The proteasome and the lysosome are the two major routes for cellular digestion of macromolecules. The ubiquitin-proteasome system is highly regulated, specific, and energy-intensive, and biophysical constraints limit the proteasome to degradation of individual proteins (reviewed in 
). In contrast, the lysosome, an acidic membrane-bound organelle containing a broad spectrum of acid hydrolases, degrades substrates non-specifically, and direct regulation of individual steps is minimal. The large size of lysosomes allows degradation not only of individual proteins, but of large complexes, lipids, and whole organelles, and enables recycling of the resulting raw materials (reviewed in 
). Defects in lysosomal function cause upwards of 40 lysosomal storage disorders that result in a buildup of undigested material and a wide spectrum of often organ- or cell type-specific secondary effects including neuronal damage or degeneration, and mild to severe developmental impairment (reviewed in 
). Bulk cargo for degradation is delivered to the lysosome by macroautophagy, a cellular recycling process conserved from yeast to man (hereafter referred to simply as autophagy). Autophagy enables cellular survival in nutrient-poor environments, removal of old or damaged organelles and macromolecules, and is implicated as a protective factor in a wide variety of human disease, from cancer to neurodegeneration to pathogen defense (reviewed in 
Initially characterized genetically and biochemically in yeast 
, autophagy is a multi-step process. The “core” machinery of autophagy involves nearly 20 proteins, and much progress has been made in understanding such unique features as ubiquitin-like conjugation reactions involving both proteins and lipids, and the formation and enlargement of the unusual double membrane enclosure 
. Fusion of the autophagosome to the lysosome releases the cargo-containing inner membrane into the lysosome for degradation by the more than 50 resident acid hydrolases. After degradation, effluxors mediate the release of nutrients to the cytoplasm for reuse 
, a key step in autophagy's primal function as a response to nutrient deprivation.
A high degree of homology between yeast and metazoans has enabled the study of the autophagy-lysosome pathway in multicellular animals. In both yeast and metazoans, target of rapamycin (TOR) signaling suppresses autophagy in nutrient-replete environments as part of its growth-promoting function, and permits autophagy when cells are starved. In higher organisms, TOR not only responds to nutrients but is also a major effector of growth factor signaling through the PI3K pathway, thus tying autophagy to the regulation of cell growth and cancer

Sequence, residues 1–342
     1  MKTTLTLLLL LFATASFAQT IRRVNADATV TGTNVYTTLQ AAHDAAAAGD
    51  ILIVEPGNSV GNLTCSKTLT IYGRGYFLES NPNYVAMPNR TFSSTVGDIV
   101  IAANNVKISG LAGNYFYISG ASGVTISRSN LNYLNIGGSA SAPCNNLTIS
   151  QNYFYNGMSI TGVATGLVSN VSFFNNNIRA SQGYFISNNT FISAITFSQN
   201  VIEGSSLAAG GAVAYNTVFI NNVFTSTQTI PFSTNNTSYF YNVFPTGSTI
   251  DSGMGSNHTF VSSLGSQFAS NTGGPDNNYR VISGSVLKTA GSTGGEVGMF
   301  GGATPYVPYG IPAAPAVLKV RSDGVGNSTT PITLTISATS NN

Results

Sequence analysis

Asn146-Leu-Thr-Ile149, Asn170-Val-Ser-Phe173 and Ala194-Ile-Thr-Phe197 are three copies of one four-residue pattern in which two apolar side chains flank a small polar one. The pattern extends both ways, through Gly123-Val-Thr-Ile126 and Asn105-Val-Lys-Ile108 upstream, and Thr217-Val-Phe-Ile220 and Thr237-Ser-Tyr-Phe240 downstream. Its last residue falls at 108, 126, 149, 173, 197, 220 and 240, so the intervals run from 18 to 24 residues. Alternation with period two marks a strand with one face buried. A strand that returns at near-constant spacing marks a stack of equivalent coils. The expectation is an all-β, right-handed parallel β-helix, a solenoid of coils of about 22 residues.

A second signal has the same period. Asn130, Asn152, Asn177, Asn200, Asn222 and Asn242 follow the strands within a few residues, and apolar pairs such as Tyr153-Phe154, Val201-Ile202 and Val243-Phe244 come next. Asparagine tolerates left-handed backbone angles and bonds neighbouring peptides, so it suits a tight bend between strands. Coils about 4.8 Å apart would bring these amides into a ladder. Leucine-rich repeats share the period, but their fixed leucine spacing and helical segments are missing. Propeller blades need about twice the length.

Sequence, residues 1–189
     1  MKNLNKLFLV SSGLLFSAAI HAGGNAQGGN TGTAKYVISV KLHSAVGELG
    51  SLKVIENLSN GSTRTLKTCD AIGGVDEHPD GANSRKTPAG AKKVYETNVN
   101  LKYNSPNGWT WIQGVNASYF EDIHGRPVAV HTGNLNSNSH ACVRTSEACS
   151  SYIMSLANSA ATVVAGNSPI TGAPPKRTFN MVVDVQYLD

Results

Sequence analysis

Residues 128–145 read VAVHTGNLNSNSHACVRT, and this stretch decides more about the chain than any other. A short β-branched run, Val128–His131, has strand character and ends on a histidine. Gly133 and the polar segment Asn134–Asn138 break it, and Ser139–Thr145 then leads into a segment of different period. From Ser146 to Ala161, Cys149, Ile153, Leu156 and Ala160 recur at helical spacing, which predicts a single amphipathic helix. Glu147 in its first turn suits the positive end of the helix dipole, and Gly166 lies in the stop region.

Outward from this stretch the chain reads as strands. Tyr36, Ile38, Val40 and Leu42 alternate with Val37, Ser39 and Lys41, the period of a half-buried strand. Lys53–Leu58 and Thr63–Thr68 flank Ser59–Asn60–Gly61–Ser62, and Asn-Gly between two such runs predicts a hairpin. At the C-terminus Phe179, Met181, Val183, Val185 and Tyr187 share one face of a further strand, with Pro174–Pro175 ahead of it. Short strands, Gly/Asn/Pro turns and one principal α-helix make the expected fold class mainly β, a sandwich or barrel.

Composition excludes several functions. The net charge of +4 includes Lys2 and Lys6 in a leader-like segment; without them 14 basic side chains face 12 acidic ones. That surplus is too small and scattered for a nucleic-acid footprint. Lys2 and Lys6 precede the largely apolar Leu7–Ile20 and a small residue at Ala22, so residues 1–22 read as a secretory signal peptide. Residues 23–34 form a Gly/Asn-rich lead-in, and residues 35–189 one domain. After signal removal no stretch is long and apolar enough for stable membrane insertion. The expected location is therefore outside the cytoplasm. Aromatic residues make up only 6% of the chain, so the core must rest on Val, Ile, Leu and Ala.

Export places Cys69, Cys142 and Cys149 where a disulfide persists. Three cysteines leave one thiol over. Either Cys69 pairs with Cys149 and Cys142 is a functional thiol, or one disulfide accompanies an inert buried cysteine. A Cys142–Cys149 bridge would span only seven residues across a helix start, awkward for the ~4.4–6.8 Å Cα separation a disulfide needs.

and to the coordination of organismal growth and feeding behavior (reviewed in 
Autophagy is also regulated by developmental signals. In Drosophila
, autophagy is induced during the late larval stages by the steroid hormone ecdysone 
, allowing the animal to break down and recycle larval material in the course of metamorphosis. While autophagy is not strictly required for embryonic development in flies 
or mice 
, it appears to be necessary for embryonic implantation 
and perinatal survival in mice 
. Loss of autophagy also impairs T- and B-cell development, proliferation, and function 
. Autophagy declines with age, and this decline has long been thought to play a role in aging-related cellular damage and senescence; in support of a role for autophagy in aging, it has recently been shown to be required (though not sufficient) for dietary restriction-induced lifespan extension in worms 
. Autophagy thus functions not only in cell autonomous responses to nutrient depletion as in yeast, but in regulatory and disease processes unique to multicellular organisms.
Because the bulk of our current genetic and biochemical knowledge of autophagy comes from seminal early genetic screens in yeast, it is not clear to what degree newer functions of autophagy rely on metazoan-specific signaling pathways. We therefore designed a genetic screen to search for novel cytoprotective features of the autophagy-lysosome pathway by looking for mutations that activate the pathway as a signaling or defense response. Using existing genetic tools in Drosophila we screened mitotic mosaic clones homozygous for lethal P-element insertions that caused enlargement of the lysosomal compartment as measured by LysoTracker Red, a fluorescent dye. Experiments were performed using collections of FRT-linked recombinogenic P-element insertions on Drosophila chromosome 2 L, and were carried out in the larval fat body, the primary nutrient storage organ of the developing larva, and one in which background lysosomal and autophagic activity are extremely low.
The screen revealed a large number of gene disruptions which amplify LysoTracker activity (which we termed LT+), typically in concert with decreased cell and nuclear size, and which were enriched for genes involved in protein synthesis, folding, transport, and degradation, and those involved in mitochondrial function and morphology. The former group included tRNA charging, translocation into the ER, glycosylation, and the unfolded protein response (UPR), while the latter included electron transport and mitochondrial fusion and fission. Because of the large size and monolayer tissue architecture of fat body cells and the sophisticated recombination and gene expression tools generated by the Drosophila community, the mosaic approach in fat body allows for the visualization of cell biological phenotypes in live cells in the context of a fully developed wild type animal organ and provides a useful set of tools for investigating a wide range of cellular phenotypes including cell size and shape, intracellular trafficking, and organellar dynamics.